Wednesday, May 09, 2012

Ward v. Chavez, No. 09-17016 (5-8-12)(Rakoff, Sr. D.J. SDNY, with M. Smith; Wallace dissenting).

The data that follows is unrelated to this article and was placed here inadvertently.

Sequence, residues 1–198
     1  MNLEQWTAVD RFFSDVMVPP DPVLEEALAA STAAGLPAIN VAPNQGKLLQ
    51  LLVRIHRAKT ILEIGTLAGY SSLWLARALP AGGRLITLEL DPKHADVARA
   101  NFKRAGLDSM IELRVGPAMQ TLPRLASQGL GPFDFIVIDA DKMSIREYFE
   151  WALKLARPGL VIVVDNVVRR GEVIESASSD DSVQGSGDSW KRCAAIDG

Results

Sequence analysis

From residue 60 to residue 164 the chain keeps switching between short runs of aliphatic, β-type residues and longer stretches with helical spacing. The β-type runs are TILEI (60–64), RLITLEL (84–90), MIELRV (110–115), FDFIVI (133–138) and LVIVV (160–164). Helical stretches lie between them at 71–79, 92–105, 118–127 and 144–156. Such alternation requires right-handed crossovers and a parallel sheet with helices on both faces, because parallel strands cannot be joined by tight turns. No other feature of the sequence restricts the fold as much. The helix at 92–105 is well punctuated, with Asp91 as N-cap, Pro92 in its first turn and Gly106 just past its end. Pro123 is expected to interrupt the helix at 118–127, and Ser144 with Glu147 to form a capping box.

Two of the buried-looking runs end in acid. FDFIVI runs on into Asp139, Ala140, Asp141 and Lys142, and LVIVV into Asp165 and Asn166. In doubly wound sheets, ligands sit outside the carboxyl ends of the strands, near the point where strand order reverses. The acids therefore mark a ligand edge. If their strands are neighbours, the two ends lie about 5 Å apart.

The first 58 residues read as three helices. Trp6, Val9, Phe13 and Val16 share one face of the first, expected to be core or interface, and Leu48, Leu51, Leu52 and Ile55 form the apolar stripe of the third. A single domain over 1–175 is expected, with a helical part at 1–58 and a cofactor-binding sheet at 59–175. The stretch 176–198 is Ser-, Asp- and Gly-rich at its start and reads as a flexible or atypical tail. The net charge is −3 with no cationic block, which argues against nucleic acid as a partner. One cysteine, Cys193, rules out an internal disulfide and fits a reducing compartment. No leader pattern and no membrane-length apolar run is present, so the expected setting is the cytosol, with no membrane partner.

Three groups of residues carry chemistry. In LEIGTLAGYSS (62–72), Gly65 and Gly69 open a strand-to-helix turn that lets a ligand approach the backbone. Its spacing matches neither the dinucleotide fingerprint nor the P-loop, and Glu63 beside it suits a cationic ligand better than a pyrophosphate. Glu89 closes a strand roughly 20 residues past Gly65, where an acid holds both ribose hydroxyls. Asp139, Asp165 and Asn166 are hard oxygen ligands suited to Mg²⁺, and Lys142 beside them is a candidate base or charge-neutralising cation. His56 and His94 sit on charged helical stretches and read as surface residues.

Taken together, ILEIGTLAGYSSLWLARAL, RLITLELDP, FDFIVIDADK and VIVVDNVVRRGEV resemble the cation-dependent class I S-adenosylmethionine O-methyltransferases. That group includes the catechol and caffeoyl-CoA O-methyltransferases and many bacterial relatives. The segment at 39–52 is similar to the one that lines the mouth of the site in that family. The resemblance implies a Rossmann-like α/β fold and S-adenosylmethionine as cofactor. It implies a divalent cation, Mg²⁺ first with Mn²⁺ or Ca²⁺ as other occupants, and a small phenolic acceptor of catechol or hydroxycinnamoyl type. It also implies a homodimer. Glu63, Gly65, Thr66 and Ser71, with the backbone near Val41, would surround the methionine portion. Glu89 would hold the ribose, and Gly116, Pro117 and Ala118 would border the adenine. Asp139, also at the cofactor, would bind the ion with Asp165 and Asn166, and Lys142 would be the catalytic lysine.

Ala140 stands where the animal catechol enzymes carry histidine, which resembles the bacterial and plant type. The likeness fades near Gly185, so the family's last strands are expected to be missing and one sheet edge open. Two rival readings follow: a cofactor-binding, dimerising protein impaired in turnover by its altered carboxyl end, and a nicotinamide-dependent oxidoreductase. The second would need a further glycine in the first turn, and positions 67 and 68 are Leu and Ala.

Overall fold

This concerns a petitioner paying for his crimes...actually paying under a restitution order.  Here, the district court ordered the defendant to make restitution "immediately" but did not consider his ability to pay during his lengthy sentence, nor set up a payment schedule.  The court left it to the BOP.  This is an improper delegation.  The petitioner, who was employed under the BOP, argued that the BOP could not just set what was fair, or what it considered fair.  This is a core judicial function.  The 9th agreed, reversed, and remanded.  The 9th followed the Gunning and Lemoine  precedents in requiring the court to set an amount after considering the ability to pay.  The 9th, furthermore, found that the petitioner did not have to exhaust administrative remedies after the first denial by the warden, because to do so would have been futile under 2241.  Dissenting, Wallace argues that the petitioner waived this argument.  The petitioner should have raised this on appeal.  Even now, the proper action would be for the petitioner to pay what he wanted, and if he failed to pay, for the government to move for sanctions.


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